Frybread Face and Me parents guide

Frybread Face and Me Parent Guide

This story of a boy learning to understand his family's Navajo culture is sincere, but not always very exciting.

Overall C+

Theaters: When a reluctant 11-year-old is sent to spend the summer with his grandmother on the Navajo Reservation, he meets his extended family and learns more about his culture.

Release date November 24, 2023

Violence B-
Sexual Content C
Profanity C
Substance Use A

Why is Frybread Face and Me rated Not Rated? The MPAA rated Frybread Face and Me Not Rated

Run Time: 83 minutes

Parent Movie Review

Benny’s (Keir Tallman) summer plans lie in ruins. The eleven-year-old was planning a lazy school break at home in San Diego, with a Fleetwood Mac concert as the highlight. Now, his parents tell him he’s going to spend the summer on the Navajo Reservation, living with his grandmother (Sarah H. Natani) and assorted relatives. Disgruntled and rebellious, Benny’s put on the bus while his parents stay behind with their adult-sized problems.

Arriving at the home he barely remembers, Benny reunites with his grandmother, a dignified, resilient woman who refuses to learn English and speaks to him in Navajo, a language he does not understand. Also living there is Uncle Marvin (Martin Sensmeier), who runs the sheep farm and competes in rodeos. Free-spirited Aunt Lucy (Kahara Hodges) floats in and out, when she’s not couch-surfing with friends. And, finally, cousin Frybread Face (Charley Hogan) arrives and the summer finds its groove.

Frybread Face is, of course, a nickname: her real name is Dawn. The unflattering moniker was given because her face, like the staple food, is round and greasy – a cruel comparison to make for a tween girl. Fry, as she’s usually called, is plump, confident, eccentric, and determined to whip her city cousin into shape.

Fry soon introduces Benny to the Navajo concept of “hozho”. It loosely resembles the concept of “zen” – being at one with the world around you. Someone who is “in hozho” is in a state of peace, balance, beauty, and harmony.

Hozho may be a desirable state, but it doesn’t come naturally to Benny or his family. Benny doesn’t understand his tribe’s cultural traditions or the work he’s expected to do with the sheep. Desperate to return home, Benny plots his escape – and then an unexpected event takes place.

Frybread Face and Me is two things: a maturation tale and a story of cultural reconciliation. Over the course of the movie, Benny grows and matures, learning new skills, developing self-confidence, and finding pride in his culture. Although he doesn’t understand the words his grandmother speaks, he’s able to read her intent, and the two develop a relationship. Within his extended family, Benny learns about Navajo customs, takes ownership of his long hair, and begins to enjoy tribal rituals, especially his baby cousins’s first laugh ceremony.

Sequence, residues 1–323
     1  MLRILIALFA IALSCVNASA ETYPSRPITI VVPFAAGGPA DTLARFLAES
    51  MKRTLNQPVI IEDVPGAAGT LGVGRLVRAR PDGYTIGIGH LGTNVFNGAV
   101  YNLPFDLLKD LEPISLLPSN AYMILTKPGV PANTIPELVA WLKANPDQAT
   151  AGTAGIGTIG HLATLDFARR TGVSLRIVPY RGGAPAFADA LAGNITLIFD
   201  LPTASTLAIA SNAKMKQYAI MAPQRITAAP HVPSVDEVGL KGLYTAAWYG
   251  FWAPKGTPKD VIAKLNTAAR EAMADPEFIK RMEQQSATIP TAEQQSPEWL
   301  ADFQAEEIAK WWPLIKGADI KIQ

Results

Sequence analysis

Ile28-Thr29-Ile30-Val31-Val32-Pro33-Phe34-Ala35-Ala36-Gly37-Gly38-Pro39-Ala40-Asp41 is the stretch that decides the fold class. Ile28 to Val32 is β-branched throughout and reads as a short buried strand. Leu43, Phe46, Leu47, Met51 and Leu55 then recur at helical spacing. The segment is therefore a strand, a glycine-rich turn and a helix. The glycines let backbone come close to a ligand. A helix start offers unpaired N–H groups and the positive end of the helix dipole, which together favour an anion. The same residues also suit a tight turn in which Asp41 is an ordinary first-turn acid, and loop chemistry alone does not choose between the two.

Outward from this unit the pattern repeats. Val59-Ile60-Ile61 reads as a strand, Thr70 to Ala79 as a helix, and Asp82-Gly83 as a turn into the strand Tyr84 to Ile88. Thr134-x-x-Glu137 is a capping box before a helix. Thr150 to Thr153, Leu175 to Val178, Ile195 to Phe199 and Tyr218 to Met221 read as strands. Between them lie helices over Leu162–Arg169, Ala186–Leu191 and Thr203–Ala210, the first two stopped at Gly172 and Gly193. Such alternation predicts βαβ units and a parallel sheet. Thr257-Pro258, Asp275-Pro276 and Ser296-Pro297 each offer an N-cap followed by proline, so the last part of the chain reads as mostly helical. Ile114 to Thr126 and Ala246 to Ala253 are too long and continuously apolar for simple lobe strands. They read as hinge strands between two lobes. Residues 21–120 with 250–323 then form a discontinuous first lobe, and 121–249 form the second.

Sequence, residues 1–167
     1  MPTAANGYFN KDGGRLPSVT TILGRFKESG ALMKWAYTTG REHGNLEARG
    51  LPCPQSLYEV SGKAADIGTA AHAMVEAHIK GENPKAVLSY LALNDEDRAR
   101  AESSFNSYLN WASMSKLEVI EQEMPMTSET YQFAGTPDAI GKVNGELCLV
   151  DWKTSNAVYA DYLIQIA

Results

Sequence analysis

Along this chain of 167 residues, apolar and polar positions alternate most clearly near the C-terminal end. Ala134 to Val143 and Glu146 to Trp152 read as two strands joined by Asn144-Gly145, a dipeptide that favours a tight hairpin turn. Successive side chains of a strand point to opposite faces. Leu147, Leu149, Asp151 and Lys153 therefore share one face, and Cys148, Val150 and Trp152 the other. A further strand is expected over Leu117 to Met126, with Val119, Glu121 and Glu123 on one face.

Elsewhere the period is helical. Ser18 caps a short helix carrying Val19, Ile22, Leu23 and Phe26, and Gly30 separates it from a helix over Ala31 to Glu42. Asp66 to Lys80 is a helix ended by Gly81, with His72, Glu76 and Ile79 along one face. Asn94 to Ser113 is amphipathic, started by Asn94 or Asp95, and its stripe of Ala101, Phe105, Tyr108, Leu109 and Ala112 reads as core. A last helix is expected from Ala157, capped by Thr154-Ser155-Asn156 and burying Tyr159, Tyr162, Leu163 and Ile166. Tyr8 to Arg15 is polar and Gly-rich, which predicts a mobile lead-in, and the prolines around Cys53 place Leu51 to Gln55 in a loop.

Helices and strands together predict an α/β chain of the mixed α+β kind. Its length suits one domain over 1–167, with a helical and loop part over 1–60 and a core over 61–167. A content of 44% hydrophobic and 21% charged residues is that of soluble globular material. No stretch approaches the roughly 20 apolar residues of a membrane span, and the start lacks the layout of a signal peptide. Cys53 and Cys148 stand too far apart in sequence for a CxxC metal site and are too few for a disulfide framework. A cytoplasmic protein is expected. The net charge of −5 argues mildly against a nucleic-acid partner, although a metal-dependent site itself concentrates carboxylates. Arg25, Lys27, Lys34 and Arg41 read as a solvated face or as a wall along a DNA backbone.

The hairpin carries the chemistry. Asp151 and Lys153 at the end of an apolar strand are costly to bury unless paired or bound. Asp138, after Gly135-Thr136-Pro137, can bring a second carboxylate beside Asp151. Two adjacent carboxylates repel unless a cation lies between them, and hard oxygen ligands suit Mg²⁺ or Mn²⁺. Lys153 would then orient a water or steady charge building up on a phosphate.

I usually enjoy cultural dramas but I had a hard time getting enthused about this film. Perhaps it’s a reflection of my own cultural illiteracy. I don’t know much about the culture or history of the Navajo, so it’s very possible that I missed witty allusions or inside jokes in the script. I was intrigued by Benny’s wise grandmother, but I was often bored during the film. The acting isn’t terrific, so that’s a bit of a problem for me too.

On the bright side, the movie doesn’t come with high levels of negative content. There’s a split-second look at a bare-breasted woman in a Playboy magazine (blink and you’ll miss it), a little bit of cursing, and some plot-related violence. In exchange, Frybread Face and Me provides a story of family love, the strength that comes with cultural understanding, and a tentative prospect of family reconciliation. It might not arrive at hozho, but at least it’s hopeful.

Directed by Billy Luther. Starring Keir Tallman, Charley Hogan, Sarah H Natani. Running time: 83 minutes. Theatrical release November 24, 2023. Updated

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Frybread Face and Me
Rating & Content Info

Why is Frybread Face and Me rated Not Rated? Frybread Face and Me is rated Not Rated by the MPAA

Violence: Rodeo rider falls off bull and is injured; some blood is seen. A boy hits a man in a wheelchair. A dead dog’s body is seen and removed from the highway.
Sexual Content: A child plays with toys and has them argue over the responsibility for a pregnancy. Kids have a discussion about lesbians. Someone is described as having “big balls”. A child has a brief glance at a Playboy magazine: there is a split-second view of a woman’s breasts.
Profanity: The script contains three scatological curses, three turns of deity, and three minor profanities. A crude term for women is used, as is a homophobic slur.
Alcohol / Drug Use: None noted.

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Frybread Face and Me Parents' Guide

What changes for Benny over the summer? How does his view of his family and himself evolve?

What brings Fry and Benny together? How do the dynamics in their relationship evolve?

What kind of relationship do you see between Benny and his grandmother? Do you learn anything from her?

Home Video

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